Paladin of Freedom for Chaotic Good
Paladin of Tyranny for Lawful Evil
Paladin of Slaughter for Chaotic Evil

Dragon Magazine #310, from Aug 2003, also had alternate-alignment Paladins:
Sentinel for Neutral Good
Avenger for Chaotic Good
Enforcer for Lawful Neutral
Incarnate for Neutral
Anarch for Chaotic Neutral

And finally Dragon Magazine #312, from Oct 2003 had the Evil Paladins:
Despots for Lawful Evil
Corrupters for Neutral Evil
Anti-Paladins for Chaotic Evil

Pathfinder also has the Antipaladin class. Note that the Dragon Magazine issues that carried the 3.5 Anti-Paladin was published by Paizo, whereas Unearted Arcana with the Paladin of Slaughter was a WOTC production, which may explain why Pathfinder continued to use the Antipaladin terminology.

In 4th Edition, the game softened on the alignment requirements and even implied that some Paladins worshipped evil deities, with a definition change to merely suggest Paladins were simply warriors imbued with divine might. Later, the Essentials line carried a Blackguard base class which tried to make the Paladin into more of a Striker type.

In 5th Edition, the definition backslid a little - there's no more code of conduct and Paladins don't need to be explicitly Lawful Good, but they're still described as do-gooders that are always hunting down evil, and the flexibility in alignment is excused by saying they're simply pursuing different aspects or facets of justice and righteousness.

There is an Oathbreaker archetype in the DMG that's supposed to represent evil Paladins, but this is in a section reserved for "Villainous NPCs" and the sidebar describing atonement for Oathbreakers implies that they're not "true Paladins"

gradenko_2000 fucked around with this message at 05:12 on Nov 7, 2016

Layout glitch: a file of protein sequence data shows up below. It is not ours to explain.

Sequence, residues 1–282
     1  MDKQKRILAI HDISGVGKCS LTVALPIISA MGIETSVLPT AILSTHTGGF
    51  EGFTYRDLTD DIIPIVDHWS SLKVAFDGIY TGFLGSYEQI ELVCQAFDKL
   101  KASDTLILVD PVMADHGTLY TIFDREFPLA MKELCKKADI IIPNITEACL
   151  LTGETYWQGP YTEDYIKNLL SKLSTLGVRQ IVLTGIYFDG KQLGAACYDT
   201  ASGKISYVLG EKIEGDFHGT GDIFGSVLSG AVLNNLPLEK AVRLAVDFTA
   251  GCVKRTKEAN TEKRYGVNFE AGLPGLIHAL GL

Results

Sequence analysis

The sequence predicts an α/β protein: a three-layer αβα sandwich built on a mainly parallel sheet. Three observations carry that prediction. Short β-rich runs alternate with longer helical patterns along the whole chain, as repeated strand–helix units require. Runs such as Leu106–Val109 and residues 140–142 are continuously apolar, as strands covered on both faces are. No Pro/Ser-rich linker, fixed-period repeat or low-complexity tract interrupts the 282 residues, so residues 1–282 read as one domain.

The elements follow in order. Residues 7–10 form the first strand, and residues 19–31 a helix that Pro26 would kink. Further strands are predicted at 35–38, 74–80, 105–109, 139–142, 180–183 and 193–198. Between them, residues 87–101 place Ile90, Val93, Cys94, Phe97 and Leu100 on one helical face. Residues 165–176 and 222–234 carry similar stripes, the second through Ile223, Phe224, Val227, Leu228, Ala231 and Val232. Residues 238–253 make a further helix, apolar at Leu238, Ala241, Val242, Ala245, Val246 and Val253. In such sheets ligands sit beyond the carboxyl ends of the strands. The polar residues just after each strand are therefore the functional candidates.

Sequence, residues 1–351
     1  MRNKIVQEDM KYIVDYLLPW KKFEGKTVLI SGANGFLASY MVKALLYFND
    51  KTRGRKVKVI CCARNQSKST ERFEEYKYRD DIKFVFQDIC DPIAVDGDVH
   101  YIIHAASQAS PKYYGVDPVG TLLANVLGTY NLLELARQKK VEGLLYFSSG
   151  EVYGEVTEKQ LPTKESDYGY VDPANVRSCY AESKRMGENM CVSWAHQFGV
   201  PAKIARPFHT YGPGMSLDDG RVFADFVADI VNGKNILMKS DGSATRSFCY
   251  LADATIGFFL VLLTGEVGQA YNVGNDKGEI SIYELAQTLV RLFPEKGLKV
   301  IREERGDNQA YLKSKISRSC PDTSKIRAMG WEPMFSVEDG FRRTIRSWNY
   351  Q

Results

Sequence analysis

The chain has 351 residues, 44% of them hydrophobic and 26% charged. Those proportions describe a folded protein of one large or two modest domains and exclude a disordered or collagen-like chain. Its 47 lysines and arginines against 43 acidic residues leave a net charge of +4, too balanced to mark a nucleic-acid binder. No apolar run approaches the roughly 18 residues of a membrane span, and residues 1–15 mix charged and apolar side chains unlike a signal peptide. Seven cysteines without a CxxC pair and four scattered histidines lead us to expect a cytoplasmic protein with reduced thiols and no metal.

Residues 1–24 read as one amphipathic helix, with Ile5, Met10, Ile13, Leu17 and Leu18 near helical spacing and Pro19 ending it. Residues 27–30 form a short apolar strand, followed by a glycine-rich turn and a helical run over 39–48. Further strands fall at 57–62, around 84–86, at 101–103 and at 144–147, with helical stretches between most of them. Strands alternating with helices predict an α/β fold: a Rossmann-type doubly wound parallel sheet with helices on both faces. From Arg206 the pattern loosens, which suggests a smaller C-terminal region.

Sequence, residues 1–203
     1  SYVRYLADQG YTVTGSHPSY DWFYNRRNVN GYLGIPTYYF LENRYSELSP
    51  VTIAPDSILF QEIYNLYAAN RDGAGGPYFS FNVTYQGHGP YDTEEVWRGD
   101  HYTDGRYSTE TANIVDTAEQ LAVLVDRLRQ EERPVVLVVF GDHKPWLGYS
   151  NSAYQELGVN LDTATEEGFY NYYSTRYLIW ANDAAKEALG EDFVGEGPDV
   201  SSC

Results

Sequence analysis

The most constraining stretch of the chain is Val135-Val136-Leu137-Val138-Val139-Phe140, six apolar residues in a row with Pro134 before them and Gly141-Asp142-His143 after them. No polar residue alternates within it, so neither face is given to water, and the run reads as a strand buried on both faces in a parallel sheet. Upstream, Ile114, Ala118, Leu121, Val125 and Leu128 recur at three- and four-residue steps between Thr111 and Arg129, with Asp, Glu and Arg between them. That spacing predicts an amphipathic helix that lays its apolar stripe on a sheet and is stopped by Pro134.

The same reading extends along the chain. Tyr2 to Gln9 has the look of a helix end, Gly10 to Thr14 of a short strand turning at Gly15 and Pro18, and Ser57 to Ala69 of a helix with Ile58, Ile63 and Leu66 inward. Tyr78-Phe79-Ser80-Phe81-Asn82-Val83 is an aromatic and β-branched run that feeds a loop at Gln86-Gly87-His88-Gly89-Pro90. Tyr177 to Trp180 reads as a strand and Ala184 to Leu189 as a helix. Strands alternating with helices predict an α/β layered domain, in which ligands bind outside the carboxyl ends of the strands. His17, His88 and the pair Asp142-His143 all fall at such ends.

Mover
Jun 30, 2008

Goodness no, now that wouldn't do at all!


If a dish isn't sufficiently filling but still meets the deliciousness requirements to be a tasty part of a meal, it falls, becoming an Antipasto.

Alien Rope Burn
Dec 4, 2004

I wanna be a saikyo HERO!


IIRC, the Blackguard PrC of 3e specifically was also be an advancement path for fallen Paladins where they got special bonuses to make partly up for losing all their Paladin powers.

OvermanXAN
Nov 14, 2014


Mors Rattus posted:

What does the True Neutral Paladin do

Be a druid and thus superior to a Lawful Good Paladin in every way?

Nuns with Guns
Jul 23, 2010

....?


Alien Rope Burn posted:

IIRC, the Blackguard PrC of 3e specifically was also be an advancement path for fallen Paladins where they got special bonuses to make partly up for losing all their Paladin powers.

they do, yeah:

quote:

Fallen Paladins

Blackguards who have levels in the paladin class (that is to say, are now ex-paladins) gain extra abilities the more levels of paladin they have.

A fallen paladin who becomes a blackguard gains all of the following abilities that apply, according to the number of paladin levels the character has.
1-2

Smite good 1/day. (This is in addition to the ability granted to all blackguards at 2nd level.
3-4